2022 California Council of Community Behavioral Health Agencies (CBHA) Conference

Why Not Harm Reduction for Problem Gambling?

Harmful gambling is a public health issue. As types of gambling products and accessibility to gambling have increased, so too have concerns as to the harm associated with this behavior. While there is evidence of the harm cause by some forms of land-based gambling such as electronic gambling machines (poker machines), much less is known about the impact of newer forms of gambling, such as online sports betting. With the development of a range of new gambling products, including the use of both traditional and social media platforms to promote and incentivize product use, children and adolescents are potentially exposed to gambling more than ever before (Pitt et.al., 2017).

In 2016, 5.45 million individuals in the US were diagnosed as having a gambling disorder, with an estimated 1.2% of New York adults (186,475) believed to manifest a gambling problem in New York. Overall the gambling industry’s growth in 2016 exceeded the rate of inflation and established a new all-time high for consumer spending on gambling, at $154 billion (APGSA and Problem Gambling Solutions, Inc, 2016 Survey of Problem Gambling Service in the United States, 2016). In fact, in the United States, all states have some form of legalized gambling with the exception of Utah and Hawaii however, very little attention is given to problem gambling and its treatment. In the United States, treatment for problem gambling mostly focuses on the disease/abstinence model. While harm reduction approaches for drugs, alcohol and tobacco are gaining traction, the United States severely lags behind in harm reduction approaches for problem gambling compared to countries such as Canada and Europe (Blaszcynski, 2001).

Gambling related harms can be view in the following areas (Langham et. al., 2016):

  • Financial harm (to the person who gambles, the affected others, and/or the community)
  • Relationship disruption conflict or breakdown (with friends, family and community)
  • Emotional or psychological distress
  • Detriments to health
  • Cultural harm
  • Reduced performance at work or study Criminal activity.

Co-occurrence with Mental Health and Substance Use Concerns

Gambling disorders have been shown to have high comorbidity with substance use and mental health issues. In a national study, almost three quarter of pathological gamblers had an alcohol use disorder, 38% had a drug use disorder, and 60% were nicotine dependent. In terms of mental health comorbidity, personality disorder (60%), mood disorder (49.6%) and anxiety disorder (41.3%) were most prevalent (Petry, Stinson, & Grant, 2005).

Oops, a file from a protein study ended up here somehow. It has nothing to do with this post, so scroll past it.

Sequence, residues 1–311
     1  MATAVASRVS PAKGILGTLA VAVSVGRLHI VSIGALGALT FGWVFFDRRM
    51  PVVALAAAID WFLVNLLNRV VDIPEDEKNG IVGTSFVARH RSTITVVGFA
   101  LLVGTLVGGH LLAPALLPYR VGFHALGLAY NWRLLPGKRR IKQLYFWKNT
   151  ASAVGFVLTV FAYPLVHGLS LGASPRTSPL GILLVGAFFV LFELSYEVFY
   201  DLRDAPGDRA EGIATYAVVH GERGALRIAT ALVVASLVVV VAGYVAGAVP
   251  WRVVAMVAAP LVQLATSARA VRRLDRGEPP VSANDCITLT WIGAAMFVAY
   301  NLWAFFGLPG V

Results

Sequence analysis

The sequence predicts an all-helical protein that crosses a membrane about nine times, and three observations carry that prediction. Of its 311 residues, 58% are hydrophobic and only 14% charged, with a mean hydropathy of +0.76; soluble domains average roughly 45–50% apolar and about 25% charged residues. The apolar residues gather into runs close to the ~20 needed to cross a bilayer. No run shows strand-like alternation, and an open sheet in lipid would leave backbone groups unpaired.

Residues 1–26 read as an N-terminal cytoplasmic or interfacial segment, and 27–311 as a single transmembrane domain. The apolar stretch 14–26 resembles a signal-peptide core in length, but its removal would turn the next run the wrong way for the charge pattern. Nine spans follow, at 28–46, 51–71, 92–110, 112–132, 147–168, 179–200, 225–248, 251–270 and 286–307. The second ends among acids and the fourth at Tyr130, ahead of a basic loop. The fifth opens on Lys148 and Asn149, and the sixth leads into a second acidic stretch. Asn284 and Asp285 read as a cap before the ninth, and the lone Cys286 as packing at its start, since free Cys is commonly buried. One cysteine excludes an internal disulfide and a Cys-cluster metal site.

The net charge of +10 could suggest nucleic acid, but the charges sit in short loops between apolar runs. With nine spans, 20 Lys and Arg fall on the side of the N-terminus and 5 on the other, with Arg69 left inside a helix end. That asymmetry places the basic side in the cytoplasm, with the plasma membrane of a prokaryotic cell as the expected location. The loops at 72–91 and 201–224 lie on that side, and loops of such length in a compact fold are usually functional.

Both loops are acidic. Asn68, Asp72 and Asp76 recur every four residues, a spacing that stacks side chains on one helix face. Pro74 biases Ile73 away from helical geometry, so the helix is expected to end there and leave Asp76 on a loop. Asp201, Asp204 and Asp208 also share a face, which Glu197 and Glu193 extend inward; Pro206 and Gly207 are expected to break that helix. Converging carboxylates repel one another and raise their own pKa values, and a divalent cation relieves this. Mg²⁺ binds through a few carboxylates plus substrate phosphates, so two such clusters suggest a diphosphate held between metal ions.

Similar to what is seen in the mental health and substance use fields, shame and stigma are barriers to individuals seeking assistance for gambling related issues. Indeed, despite negative consequences for gambling, only 10% of individuals experiencing problems ever seek treatment and even when the treatment is sought, the presenting concern is often not identified as problem-gambling (Tanner et. al., 2017).

Treatment and Interventions

Treatment for problem-gambling usually involves either an abstinence-based model or a harm reduction approach with this latter being the least popular and researched of the two options. However, given that gambling is legal and available and has expanded with the availability and ubiquity of internet gambling sites and variety of betting games available, a harm reduction approach can prove very beneficial in having an impact on protecting vulnerable populations from the risk of developing a gambling disorder. Additionally, harm reduction approaches can be encouraging to individuals who do not see abstinence as an attractive or feasible option. This can include older adults who derive social benefits from gambling (Tanner et. al., 2017) along with young adults and college students in particular who are more at risk of pathological gambling than the general adult population (Lostutter et. al., 2014). Harm reduction initiatives are typically divided into three tiers of prevention (Blaszcynski, 2001). Primary prevention strategies are devised to protect gambling participants from developing problems. Such interventions include public education campaigns, promotion or responsible behavior and teaching the public about the risks associated with gambling. Such initiatives could also include clearly describing the odds and probabilities of winning and clarifying erroneous cognitions and misperceptions that might be associated with gambling and associated machines (Derevensky, Gupta, Dickson, & Deguire, 2004).

Secondary prevention techniques aim to minimize the harm of gambling once it has started. Given the rates comorbidity present with problem gambling, a key strategy is for addiction, mental health, and healthcare providers to screen for problem gambling among their patients. This provides an opportunity to identify opportunities for psychoeducation, intervention and referrals.